Gerry Schum: TV Gallery at EAI, October 8, 6:30 pm:

Gerry Schum, Land Art - Fernsehausstellung I, Fernsehgalerie Berlin, 1969 (32 min)

The first exhibition featured works by Richard Long, Barry Flanagan, Dennis Oppenheim, Robert Smithson, Marinus Boezem, Jan Dibbets, and Walter de Maria. These seven artists utilized water and land as art medium. The camera functioned as witness to earth-driven art installations, capturing and dispersing artistic process outside the typical studio environment. Schum is now recognized as coining the term “Land Art” with this 1969 broadcast. 

Gerry Schum, Identifications - Fernsehausstellung II, Fernsehgalerie Berlin, 1970 (36 min)

Schum’s second broadcast featured twenty artists from six countries, including Joseph Beuys, Klaus Rinke, Ulrich Rückriem, Daniel Buren, Hamish Fulton, Gilbert & George, Stanley Brouwn, Ger van Elk, Giovanni Anselmo, Alighiero Boetti, Mario Merz, Keith Sonnier, Richard Serra, Franz Erhard Walther, and Lawrence Weiner. Their contributions, which ran from thirty-five seconds to five minutes, revealed an artistic concern with designed action, including physical interactions with the camera. This Fernsehgalerie production exhibited what Schum asserted as the new mode of art experience: “(...) We no longer experience the art object as a painting or sculpture with no contact to the artist. In the TV object the artist can reduce his object to the attitude, to the mere gesture, as a reference to his conception.”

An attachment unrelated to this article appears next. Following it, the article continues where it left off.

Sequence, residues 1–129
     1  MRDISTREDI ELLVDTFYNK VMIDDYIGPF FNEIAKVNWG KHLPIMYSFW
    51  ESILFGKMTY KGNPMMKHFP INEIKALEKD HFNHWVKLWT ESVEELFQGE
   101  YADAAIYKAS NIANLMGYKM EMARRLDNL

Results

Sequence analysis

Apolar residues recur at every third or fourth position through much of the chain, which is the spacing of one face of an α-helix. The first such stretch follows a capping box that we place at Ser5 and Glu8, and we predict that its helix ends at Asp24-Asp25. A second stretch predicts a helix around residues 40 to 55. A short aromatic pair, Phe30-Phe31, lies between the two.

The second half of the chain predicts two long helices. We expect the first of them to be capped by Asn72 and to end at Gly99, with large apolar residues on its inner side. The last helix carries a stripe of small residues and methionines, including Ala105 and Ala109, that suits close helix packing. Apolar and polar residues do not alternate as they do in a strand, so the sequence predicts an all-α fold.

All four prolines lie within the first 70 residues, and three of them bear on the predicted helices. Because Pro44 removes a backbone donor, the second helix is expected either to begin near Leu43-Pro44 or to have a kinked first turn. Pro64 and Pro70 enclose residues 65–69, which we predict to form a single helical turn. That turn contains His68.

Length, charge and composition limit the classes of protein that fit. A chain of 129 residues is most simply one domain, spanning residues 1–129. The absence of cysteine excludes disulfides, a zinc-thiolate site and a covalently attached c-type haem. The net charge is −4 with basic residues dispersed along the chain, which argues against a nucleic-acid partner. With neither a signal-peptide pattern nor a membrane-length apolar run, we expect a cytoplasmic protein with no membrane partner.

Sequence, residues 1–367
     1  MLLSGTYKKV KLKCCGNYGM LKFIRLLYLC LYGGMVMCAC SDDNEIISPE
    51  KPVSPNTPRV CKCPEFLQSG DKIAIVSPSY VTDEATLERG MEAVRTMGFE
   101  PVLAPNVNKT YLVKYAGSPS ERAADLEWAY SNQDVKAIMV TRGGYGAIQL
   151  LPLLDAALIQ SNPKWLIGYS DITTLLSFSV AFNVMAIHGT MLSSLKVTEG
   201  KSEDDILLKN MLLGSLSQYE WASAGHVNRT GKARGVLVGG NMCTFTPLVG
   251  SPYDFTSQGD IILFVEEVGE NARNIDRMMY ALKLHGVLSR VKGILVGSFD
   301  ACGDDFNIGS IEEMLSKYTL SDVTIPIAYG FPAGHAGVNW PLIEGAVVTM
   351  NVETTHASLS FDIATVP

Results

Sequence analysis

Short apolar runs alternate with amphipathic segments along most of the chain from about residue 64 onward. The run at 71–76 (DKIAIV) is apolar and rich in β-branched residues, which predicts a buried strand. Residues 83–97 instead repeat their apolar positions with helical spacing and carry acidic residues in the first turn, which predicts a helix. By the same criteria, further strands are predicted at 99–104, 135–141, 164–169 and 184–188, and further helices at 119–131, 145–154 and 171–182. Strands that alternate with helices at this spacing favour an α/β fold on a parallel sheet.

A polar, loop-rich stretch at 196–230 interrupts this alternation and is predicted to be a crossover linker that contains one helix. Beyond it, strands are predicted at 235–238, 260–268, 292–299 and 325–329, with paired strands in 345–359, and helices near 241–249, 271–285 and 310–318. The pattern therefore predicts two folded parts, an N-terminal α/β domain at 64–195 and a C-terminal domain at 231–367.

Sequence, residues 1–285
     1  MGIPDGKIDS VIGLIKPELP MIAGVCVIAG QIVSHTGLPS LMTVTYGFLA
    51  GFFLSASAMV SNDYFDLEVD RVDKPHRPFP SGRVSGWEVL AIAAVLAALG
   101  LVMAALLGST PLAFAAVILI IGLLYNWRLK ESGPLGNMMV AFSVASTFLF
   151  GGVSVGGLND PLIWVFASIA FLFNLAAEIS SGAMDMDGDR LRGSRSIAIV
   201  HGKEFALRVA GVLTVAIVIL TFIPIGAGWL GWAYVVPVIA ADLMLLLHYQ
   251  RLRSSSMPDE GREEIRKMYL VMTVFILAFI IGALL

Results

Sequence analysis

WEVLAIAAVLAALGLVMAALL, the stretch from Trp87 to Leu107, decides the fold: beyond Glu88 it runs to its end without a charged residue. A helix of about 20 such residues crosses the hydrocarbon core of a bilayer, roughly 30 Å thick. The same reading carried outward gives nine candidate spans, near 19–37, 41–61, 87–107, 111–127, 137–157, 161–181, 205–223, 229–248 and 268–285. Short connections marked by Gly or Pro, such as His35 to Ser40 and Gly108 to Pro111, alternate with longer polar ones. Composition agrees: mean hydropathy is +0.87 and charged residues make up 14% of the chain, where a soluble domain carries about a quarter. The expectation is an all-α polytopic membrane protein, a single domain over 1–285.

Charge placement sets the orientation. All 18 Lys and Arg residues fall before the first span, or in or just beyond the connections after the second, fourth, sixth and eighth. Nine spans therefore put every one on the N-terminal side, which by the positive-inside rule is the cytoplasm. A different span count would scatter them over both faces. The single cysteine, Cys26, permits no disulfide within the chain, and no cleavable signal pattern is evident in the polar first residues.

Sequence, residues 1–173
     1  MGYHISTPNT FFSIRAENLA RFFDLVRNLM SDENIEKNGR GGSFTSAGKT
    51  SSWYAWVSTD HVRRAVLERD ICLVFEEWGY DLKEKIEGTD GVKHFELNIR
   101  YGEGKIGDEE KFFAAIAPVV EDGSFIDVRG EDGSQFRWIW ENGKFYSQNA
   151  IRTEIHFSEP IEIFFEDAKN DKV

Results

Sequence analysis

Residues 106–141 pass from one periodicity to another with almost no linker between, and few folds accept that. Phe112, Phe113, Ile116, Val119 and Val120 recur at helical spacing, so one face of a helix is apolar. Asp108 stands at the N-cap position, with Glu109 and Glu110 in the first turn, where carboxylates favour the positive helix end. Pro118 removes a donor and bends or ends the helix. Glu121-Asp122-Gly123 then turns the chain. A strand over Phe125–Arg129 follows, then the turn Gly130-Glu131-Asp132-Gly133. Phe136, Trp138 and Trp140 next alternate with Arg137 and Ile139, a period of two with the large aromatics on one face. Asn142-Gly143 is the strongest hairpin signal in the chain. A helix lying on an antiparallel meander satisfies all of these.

Gerry Schum (b. Cologne 1938-1973) studied television and film production at the Deutsches Institut für Film und Fernsehen in Munich, and at Deutsche Film-und Fernsehakademie Berlin from 1961 to 1968. He began work as a cameraman and filmmaker for television broadcast stations in Berlin around 1966, completing a series of documentary collaborations for television broadcast: Schaustücke - Ereignisse (Showpieces - Events)(1967); Kunst-Biennale San Marino (1967); and Konsumkunst-Kunstkosum (Consumption-Art, Art-Consumption)(1968). With Ursula Wevers, he initiated Fernsehgalerie Gerry Schum, 1968–1970 and Videogalerie Schum, 1971–1973. Over the course of five years, Schum worked as collaborator and cameraman to broadcast and distribute artist films and videos by John Baldessari, Joseph Beuys, Jan Dibbets, Gilbert & George, Mario Merz, Bruce Nauman, Ulrich Rückriem, Richard Serra, Ger van Elk, and Lawrence Weiner, and others. In 1972 Schum was commissioned to present video art sections at Documenta 5 and the Venice Biennale. Before his death in 1973 Schum accepted the position of curator for the first video art studio at Folkwang Museum in Essen, Germany.